Nick Searcy: The Saddest Day

AP Photo/Patrick Semansky

Rush Limbaugh has passed away.

Months ago, millions of Americans were heartbroken to find out that a beloved member of our family was diagnosed with a very serious form of cancer — and in a matter of hours, we were moved beyond measure when our beloved relation was presented with the Presidential Medal of Freedom, our nation’s highest civilian honor, live on national television during the State of the Union address.


Because to so many of us, Rush Limbaugh wasn’t just a guy on the radio that we agree with. He was part of our daily life. He was someone we talked to five days a week, for three hours a day. We laughed with him, cried with him, seethed with him, and blew off steam with him. He was who we turned to when the events of the day seemed impossible to process, when tragedy happened, when the actions of the government were incomprehensibly stupid and unfair — he was there with us.

He was more than a friend. He was a member of the family.

In 1990 I was living in North Carolina with my wife and newborn daughter and driving long distances for auditions, trying to get my acting career started. Many of my trips were from Western North Carolina to Wilmington, NC, a 400-mile, 6 1/2 hour drive, one way. As you might imagine – this was pre cell-phone, pre-internet, pre-SiriusXM – there was nothing but the radio to keep you awake and alive. I would flip through the FM dial I got tired of singing along, and then over to AM, with mostly rural preachers and the odd Craigslist type show, people selling antiques or old appliances or cars, et cetera.

And then I heard this voice — this warm, jocular, joyful, sonorous, pleasant voice — talking about politics, the news of the day, the silly things he read in the news, playing funny song parodies — and he was making fun of DEMOCRATS. And at that time, this simply was not done.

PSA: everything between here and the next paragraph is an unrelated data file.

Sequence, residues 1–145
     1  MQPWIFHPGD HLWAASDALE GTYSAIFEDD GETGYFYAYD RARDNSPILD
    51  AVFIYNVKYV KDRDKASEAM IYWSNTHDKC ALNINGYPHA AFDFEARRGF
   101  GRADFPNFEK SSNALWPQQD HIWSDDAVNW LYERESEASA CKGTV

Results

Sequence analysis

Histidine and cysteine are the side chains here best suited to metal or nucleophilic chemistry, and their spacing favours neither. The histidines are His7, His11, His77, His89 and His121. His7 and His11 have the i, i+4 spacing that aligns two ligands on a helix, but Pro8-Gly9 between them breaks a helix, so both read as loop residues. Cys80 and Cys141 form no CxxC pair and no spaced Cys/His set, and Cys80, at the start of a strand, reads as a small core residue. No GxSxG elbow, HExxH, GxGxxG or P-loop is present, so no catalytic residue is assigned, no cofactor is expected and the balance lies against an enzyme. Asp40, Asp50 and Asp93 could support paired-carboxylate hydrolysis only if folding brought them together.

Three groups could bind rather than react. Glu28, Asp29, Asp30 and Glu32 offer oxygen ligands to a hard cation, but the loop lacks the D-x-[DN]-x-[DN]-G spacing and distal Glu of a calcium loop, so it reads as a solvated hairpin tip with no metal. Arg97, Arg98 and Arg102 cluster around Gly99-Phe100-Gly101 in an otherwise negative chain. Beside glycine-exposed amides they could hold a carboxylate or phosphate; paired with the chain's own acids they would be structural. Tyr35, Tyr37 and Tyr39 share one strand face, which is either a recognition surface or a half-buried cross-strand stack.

And I thought, “Who the hell is this guy?”


For you young whipper-snappers out there, it is hard to understand what life was like before Rush. There was NO ONE, and I mean no one, like him. There was no Fox News, no Sean Hannity, not really even a talk radio format, not on a national level. Rush started it ALL. And the bond he built with his audience was based not on politics as much as it was humor. No one was funnier than Rush. He was fearless taking on the leftists.

Perhaps his greatest gift to us was how he modeled COURAGE in the face of the most vociferous hate from horrified leftists that anyone could imagine. Because he upset their system. He screwed up the bullying game they had going. And he showed us all that it could be done, that the world could call you all the favorite names meant to silence you — racist, sexist, bigot, homophobe —and you could laugh at it, and ridicule it, just like Rush did, and you would be fine.

He showed us all that the Left did not define him — or, by extension, us. And he talked to us like every single one of us was a dear friend — and in our hearts, we made friends with Rush.

And that is another thing the Left never will get right about Rush. It isn’t that we were all looking for someone to tell us what to think. It was that we heard Rush and thought “Finally, someone who thinks like I do!”

It is nearly impossible for me to put into words how much Rush has meant to me over the years. Working in Hollywood amongst the leftists in power, Rush was the thing I organized my day around. If I had a commute, I tried to schedule it so that I would be in the car between 12 PM and 3 PM EST so I could listen. I even bought a short wave radio from Radio Shack (Google that, kids) so I could hear Rush from anywhere on Earth, even if he was pre-empted by current events, etc.